My piece of hope: Amine carries his loved ones in his phone | Culture| Arts, music and lifestyle reporting from Germany | DW | 23.10.2015
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My piece of hope: Amine carries his loved ones in his phone

Amine left Tunisia just before the latest terrorist attacks in his country. The pictures on his cell phone provide comfort while he spends months waiting for his asylum process to start.

As hundreds of thousands of refugees are entering Germany, the country is facing the challenge - and opportunity - of the century. In this DW series, "My piece of hope," refugees share their personal stories of persecution, escape and waiting. Each individual shows one significant object they've brought with them on their journey - their "piece of hope."

Everything Amine owns fits into a small backpack. Some t-shirts, two pairs of trousers, soap and a phone that crashes almost every minute and takes a lot of patience to charge. Amine doesn't really mind though, for its content reminds the 21-year-old Tunisian of the treasures he left behind.

His photos of home are colorful: They show laughing kids, Amine's house and the street where he used to play as a child. "Sometimes I ask my mom what has changed at home. Sometimes she tells me what she bought or what she's changed in the house. I ask my father to show me the house too," says Amine.

His favorite photo - his piece of home - are his brother's children in a chair. Amine's niece pulls up her belly towards the camera and smiles, while her older brother leans against her shoulder.

The family still lives in Tunis. Amine came to Germany by himself. The constant threat of terror, poverty and a lack of perspective left him no choice. He says these words without emotion. His face only lights up again when he looks ar this photos.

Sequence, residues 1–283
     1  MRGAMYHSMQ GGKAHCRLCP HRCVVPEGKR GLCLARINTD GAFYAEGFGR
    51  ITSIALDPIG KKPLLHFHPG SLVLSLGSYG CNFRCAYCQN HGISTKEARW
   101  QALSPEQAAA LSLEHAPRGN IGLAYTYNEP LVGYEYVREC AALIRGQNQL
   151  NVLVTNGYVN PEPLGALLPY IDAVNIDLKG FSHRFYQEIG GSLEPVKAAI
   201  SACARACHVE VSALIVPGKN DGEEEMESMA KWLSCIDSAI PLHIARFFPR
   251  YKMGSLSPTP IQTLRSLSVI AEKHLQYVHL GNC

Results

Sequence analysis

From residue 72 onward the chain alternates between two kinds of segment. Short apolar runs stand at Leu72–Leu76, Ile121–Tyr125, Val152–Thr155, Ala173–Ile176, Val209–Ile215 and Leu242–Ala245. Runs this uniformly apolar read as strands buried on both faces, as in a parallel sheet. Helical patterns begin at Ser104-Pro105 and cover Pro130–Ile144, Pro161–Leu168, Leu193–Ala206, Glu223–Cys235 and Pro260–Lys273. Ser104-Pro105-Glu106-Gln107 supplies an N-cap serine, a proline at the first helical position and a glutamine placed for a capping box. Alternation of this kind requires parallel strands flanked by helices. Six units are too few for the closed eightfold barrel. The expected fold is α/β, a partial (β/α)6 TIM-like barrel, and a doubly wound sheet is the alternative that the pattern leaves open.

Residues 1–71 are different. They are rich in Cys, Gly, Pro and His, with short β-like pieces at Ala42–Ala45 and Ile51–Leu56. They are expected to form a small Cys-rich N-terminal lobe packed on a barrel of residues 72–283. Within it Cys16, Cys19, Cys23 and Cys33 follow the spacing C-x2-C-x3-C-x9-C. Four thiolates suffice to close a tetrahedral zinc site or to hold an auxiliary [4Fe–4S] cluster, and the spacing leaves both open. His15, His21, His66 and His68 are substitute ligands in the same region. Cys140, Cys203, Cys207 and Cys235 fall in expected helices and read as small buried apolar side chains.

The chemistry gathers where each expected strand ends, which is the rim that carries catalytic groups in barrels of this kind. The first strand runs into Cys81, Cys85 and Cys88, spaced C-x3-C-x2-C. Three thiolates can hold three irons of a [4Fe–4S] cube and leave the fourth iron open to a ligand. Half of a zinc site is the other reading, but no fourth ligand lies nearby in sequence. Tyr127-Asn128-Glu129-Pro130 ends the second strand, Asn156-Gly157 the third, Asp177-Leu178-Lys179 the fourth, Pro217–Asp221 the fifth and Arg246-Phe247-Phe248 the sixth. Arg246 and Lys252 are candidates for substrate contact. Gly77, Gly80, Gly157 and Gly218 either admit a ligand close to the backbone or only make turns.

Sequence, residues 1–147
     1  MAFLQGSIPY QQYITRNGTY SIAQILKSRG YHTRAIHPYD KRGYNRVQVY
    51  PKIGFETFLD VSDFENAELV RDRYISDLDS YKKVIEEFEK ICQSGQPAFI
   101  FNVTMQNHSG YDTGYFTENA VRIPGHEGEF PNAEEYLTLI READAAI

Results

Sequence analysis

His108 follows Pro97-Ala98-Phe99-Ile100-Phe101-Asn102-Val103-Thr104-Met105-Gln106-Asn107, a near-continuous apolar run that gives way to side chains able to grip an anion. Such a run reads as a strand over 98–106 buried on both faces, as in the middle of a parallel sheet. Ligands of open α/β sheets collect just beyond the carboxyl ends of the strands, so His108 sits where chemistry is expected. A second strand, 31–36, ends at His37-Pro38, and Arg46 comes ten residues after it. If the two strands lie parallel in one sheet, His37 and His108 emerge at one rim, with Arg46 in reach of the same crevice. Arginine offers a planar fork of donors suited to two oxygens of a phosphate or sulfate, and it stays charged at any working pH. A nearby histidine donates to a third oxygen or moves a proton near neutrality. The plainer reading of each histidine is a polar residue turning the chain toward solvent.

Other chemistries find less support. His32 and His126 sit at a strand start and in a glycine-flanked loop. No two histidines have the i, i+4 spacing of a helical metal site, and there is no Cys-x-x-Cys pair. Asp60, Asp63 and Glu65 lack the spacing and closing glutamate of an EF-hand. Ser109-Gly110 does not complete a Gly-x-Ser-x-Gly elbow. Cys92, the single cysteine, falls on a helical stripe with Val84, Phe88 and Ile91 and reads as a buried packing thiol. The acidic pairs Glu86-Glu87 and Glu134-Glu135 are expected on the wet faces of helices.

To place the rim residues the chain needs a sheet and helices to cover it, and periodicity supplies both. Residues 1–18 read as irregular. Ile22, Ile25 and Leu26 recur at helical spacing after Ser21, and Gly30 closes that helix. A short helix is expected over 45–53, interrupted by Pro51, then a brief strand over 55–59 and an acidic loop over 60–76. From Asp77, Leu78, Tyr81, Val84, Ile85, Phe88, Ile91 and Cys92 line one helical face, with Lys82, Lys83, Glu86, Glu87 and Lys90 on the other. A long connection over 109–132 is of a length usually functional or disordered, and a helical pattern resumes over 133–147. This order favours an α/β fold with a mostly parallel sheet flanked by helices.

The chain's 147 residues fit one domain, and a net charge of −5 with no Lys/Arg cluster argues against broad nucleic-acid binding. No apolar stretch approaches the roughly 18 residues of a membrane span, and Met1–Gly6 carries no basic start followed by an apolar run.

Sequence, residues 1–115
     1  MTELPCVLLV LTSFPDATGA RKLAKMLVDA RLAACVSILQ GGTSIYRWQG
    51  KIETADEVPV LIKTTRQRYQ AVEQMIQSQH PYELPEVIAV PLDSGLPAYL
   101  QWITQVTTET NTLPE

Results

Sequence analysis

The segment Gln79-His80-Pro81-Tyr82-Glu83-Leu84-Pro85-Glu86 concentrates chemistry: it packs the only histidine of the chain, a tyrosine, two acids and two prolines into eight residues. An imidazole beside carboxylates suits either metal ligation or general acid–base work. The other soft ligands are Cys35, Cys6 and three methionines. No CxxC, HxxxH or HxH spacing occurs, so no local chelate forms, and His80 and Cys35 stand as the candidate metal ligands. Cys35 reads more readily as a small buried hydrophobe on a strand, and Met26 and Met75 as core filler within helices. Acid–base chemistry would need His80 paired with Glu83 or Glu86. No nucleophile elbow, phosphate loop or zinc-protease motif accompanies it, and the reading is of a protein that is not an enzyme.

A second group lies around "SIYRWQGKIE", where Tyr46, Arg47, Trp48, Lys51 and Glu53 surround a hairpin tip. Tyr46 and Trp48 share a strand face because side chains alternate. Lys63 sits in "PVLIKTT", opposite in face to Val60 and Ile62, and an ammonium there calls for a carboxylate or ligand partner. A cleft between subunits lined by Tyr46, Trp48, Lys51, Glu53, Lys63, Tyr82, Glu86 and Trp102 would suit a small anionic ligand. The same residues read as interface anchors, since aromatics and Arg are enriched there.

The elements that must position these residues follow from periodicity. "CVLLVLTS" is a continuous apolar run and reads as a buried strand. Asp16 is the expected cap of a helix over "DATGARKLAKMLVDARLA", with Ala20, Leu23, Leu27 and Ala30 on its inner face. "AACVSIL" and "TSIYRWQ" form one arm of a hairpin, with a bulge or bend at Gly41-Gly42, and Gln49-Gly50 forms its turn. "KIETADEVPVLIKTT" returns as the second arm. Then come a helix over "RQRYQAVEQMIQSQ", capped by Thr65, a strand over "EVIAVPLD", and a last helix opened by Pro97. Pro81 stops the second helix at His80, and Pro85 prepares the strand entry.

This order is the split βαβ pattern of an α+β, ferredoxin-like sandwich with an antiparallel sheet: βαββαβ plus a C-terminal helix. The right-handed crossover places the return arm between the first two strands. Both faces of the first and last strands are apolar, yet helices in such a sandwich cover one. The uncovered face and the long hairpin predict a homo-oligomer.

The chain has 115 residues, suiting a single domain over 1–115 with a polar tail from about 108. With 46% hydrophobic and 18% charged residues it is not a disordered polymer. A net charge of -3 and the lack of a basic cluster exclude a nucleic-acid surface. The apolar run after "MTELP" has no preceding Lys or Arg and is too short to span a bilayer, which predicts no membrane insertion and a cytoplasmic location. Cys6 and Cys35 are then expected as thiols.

Even though Tunisia is relatively stable compared to other countries that went through the Arab Spring, terror networks are successfully recruiting new members, particularly in rural areas. According to estimates, more than 5,000 al Qaeda and "Islamic State" (IS) fighters in Syria and Iraq are originally from Tunisia - that's more than any other Arab country. The latest attack in Tunisia was a shooting on a beach resort in Sousse that left 38 tourists dead in June.

These clashes are the reason Amine worries about his brother a lot: "He works with the police in Tunisia, sometimes there are fights between police and terrorists. Then I get worried and ask my mother if he's okay. So far, she's always said he is."

He has been waiting at the Berlin State department for Health and Social Affairs (LaGeSo) for five months for his asylum process to start. Until then, he is technically "illegal" in Germany, which is also why he doesn't want to appear on DW photos.

Amine often talks about a "better life in Germany," about a fresh start and the long overdue light at the end of the tunnel. He hasn't come across any of these yet. He has a hard time expressing how difficult it is, speaking slowly and hesitantly: "When you leave your family and you live on your own - sometimes I just cannot make it without them. I need help," he says. Even the best Skype connection in the world can't cure loneliness.

Amine expected it to be much easier to find work in Berlin. He studied IT in France, after all.

"I sent my CV to three or four companies in Germany and they called me back. When I said I'm a refugee and that I'm waiting at LaGeSo, they all said: 'No, you have to wait until your situation improves. Then we can call you.'"

At LaGeSo, Amine is also constantly reminded of the fact that his home - unlike many others' - still stands and that he hasn't lost family members during a bomb attack. "I feel very bad when I see Syrian refugees. That's why I don't often say that I'm not happy. When I see these little kids with their mothers sleeping on the streets… When I see people who haven't eaten for two days, that makes me very sad."

Is there an alternative to waiting? Amine can only imagine going back home if his situation still hasn't changed in a year. And then there's his biggest fear which he almost casually mentions at the end of a sentence. "When I see the situation in Syria or when I watch the news, I'm worried that this will happen to my country as well."

He draws circles onto his black phone display. His phone has turned off again.

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